Monday, September 16, 2013

Announcing the addition of Thomas A. Fosnocht, Jr. & Matthew T. Hovey to our firm

Wolf, Baldwin & Associates, P.C. announces the addition of two attorneys to their staff.  The firm now has a total of 9 attorneys working in their offices in Pottstown, West Chester and Reading.

Thomas A. Fosnocht, Jr. joins the firm with 30 years of experience.  He received a Bachelor of Arts in Political Science from the University of Pennsylvania, with a minor in Philosophy.  He continued at Vermont Law School, earning his Juris Doctor in 1983.

Mr. Fosnocht will focus his practice in Estate Administration, Probate and Orphans’ Court Litigation.  Mr. Fosnocht has clerked for Federal and State judges, most recently for the Honorable John L. Hall and the Honorable Calvin S. Drayer in Chester County.  He was a principal in the law partnership of Diehl & Fosnocht for many years in West Chester.

“Wolf, Baldwin is a first class law firm,” said Mr. Fosnocht, “and I am pleased now to be a part of it. I look forward both to providing our clients with the best legal advice and service possible, and to a long and enjoyable association with my new colleagues.”

Matthew T. Hovey also joined the firm in early September, 2013.  He received a Bachelor of Arts from Moravian College in 2006, with a major in Political Science and a Minor in History.  He attended law school at Villanova, earning his Juris Doctor in 2009. 

Mr. Hovey will focus his practice in civil litigation, municipal law and family law.  “Joining the Wolf, Baldwin team, with its deep roots in the Pottstown community and long tradition of serving the tri-county area, is a tremendously exciting opportunity. I have great respect for my new colleagues, personally and professionally.  I look forward to working beside them and contributing to the mission, service, and growth of the firm.”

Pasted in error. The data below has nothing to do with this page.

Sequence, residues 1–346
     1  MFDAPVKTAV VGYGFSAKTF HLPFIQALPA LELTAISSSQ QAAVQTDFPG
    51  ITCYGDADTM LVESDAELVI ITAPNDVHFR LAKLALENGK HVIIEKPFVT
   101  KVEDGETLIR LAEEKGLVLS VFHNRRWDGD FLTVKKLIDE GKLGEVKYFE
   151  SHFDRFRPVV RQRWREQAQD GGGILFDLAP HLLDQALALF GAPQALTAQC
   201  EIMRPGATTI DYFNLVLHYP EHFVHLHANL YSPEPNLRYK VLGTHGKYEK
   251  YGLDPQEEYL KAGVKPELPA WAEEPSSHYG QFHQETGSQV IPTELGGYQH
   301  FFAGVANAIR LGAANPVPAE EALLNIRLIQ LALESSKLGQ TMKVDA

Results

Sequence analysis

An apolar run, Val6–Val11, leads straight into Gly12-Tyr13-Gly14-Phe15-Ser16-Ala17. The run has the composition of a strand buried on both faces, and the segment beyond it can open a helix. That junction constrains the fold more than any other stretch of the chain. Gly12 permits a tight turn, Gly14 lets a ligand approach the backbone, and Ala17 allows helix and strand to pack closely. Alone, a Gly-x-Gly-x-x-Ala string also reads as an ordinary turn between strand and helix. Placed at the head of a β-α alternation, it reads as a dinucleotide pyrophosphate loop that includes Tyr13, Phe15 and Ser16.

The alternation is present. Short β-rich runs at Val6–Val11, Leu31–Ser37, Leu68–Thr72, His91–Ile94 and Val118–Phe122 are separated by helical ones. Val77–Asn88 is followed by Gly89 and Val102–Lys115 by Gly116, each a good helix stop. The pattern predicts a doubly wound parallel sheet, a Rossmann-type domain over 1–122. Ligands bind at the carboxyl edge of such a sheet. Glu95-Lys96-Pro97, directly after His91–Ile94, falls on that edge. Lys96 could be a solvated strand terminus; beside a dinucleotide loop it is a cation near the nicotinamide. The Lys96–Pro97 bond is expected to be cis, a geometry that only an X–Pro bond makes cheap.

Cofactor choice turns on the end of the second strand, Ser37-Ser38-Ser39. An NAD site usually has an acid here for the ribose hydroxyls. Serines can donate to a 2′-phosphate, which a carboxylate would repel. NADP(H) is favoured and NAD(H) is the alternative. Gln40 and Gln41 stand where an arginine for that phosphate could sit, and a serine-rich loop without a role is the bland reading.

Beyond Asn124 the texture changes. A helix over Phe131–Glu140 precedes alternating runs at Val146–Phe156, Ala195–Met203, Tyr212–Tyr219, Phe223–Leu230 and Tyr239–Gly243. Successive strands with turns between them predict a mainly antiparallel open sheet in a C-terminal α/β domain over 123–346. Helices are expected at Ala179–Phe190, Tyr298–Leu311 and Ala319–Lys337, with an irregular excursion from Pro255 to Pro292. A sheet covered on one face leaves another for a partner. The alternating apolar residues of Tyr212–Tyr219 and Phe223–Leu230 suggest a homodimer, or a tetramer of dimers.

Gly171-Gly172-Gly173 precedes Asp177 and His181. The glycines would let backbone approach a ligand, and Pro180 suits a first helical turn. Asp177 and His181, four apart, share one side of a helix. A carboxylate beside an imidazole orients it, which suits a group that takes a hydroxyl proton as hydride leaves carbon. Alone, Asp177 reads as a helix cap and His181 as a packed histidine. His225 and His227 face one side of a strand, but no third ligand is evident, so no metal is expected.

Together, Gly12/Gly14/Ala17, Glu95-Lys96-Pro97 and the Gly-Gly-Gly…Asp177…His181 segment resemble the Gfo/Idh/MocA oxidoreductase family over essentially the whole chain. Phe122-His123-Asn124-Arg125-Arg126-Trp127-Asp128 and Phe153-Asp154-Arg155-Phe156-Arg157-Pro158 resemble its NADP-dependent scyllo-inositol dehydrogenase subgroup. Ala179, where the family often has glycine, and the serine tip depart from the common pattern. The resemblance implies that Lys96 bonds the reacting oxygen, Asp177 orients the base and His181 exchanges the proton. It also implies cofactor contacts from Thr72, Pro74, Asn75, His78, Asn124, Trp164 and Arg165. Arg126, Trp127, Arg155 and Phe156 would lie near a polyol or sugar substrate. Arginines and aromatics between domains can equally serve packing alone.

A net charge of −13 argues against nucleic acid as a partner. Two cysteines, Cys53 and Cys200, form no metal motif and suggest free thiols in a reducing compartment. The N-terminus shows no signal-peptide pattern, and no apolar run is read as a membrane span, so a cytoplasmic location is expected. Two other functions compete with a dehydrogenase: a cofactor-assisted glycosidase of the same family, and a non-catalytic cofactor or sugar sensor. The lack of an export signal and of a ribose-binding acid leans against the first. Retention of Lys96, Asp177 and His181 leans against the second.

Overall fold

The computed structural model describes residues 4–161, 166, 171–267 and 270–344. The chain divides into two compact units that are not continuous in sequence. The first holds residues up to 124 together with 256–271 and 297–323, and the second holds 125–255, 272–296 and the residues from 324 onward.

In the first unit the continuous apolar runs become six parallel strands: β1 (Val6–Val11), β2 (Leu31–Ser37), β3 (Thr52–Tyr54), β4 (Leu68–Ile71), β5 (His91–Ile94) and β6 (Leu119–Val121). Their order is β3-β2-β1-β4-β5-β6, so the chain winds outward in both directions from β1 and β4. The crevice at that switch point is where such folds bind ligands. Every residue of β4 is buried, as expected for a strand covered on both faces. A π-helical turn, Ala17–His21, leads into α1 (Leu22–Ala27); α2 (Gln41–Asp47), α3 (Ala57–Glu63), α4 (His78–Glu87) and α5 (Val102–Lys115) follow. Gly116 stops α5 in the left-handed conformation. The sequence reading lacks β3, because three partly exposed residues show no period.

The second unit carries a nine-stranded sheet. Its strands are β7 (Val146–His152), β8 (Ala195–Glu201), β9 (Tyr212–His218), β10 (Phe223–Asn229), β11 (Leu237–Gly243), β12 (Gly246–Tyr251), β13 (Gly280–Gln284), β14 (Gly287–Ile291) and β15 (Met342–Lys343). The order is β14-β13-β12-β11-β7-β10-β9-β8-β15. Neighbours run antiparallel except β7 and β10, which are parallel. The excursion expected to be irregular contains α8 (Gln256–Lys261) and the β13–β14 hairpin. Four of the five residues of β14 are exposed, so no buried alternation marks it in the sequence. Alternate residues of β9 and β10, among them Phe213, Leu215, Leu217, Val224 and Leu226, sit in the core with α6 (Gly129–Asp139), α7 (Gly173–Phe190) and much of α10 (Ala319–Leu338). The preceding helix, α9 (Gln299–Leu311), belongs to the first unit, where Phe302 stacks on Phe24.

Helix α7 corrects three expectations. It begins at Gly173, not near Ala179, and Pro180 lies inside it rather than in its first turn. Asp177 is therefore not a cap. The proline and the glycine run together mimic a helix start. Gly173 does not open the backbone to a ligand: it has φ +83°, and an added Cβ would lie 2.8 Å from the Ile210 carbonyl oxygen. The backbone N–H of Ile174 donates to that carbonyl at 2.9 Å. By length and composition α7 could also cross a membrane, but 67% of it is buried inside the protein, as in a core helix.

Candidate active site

“We are very happy to have Tom Fosnocht and Matt Hovey join our already strong group of attorneys,” said Levi Wolf, managing partner.  “Adding Tom and Matt to the firm will only expand our capability to serve our clients in Montgomery, Berks, and Chester Counties.”

Wolf, Baldwin & Associates, P.C. has offices in Pottstown, Reading, and West Chester.  The firm relocated its Pottstown office to 800 E. High Street in August 2012, after 37 years on North Hanover Street.  The firm was founded in 1973 by Jack F. Wolf, Esquire.  Bruce Baldwin joined the firm in 1987.  The firm currently employs 19 people.

 

Wednesday, September 4, 2013

Child Custody: Do I Really Need His Permission to Move?

Here is a common scenario: mother and father are married with three children.  Unfortunately, their marriage is on the rocks and the mother is considering separation.  Mother, a stay-at-home mom, wants to bring the children with her when she leaves.  The difficulty with separating, however, is that while father’s family is local, her family lives two hours away.  Nevertheless, after a particularly bad fight, mother leaves with the children and returns home to her support network, intending to make reasonable arrangements with the father at a later time so that he can see the children on the weekends.  A few days later, however, she is served with legal documents, filed by husband’s attorney, which claim that she violated the requirements of the Custody Law – specifically, 23 Pa.C.S. § 5337.  The court orders the mother to appear before a judge who will determine whether she improperly “relocated” with the children.  If the mother improperly relocated with the children, they may be returned to the father who may now gain an upper hand in any future custody and support proceedings.

The new custody law, with its relocation provisions, went into effect in early 2011.  An understanding of this law’s requirements is vital for any parent with a family dynamic that includes two parents who do not reside in the same home.  According to the Relocation Statute, if a parent wants to relocate with a child or children, then that parent must take specific steps to notify the other parent and provide an opportunity to approve or reject the move.  Yes!  You read that sentence correctly.  Pursuant to this law, you cannot relocate without the permission of either the other parent or the court. 

This should raise several questions for you: (1) When is a move a relocation?  (2) What steps do I need to take to comply with the law? (3) If the other parent rejects the move, how do I secure the court’s approval?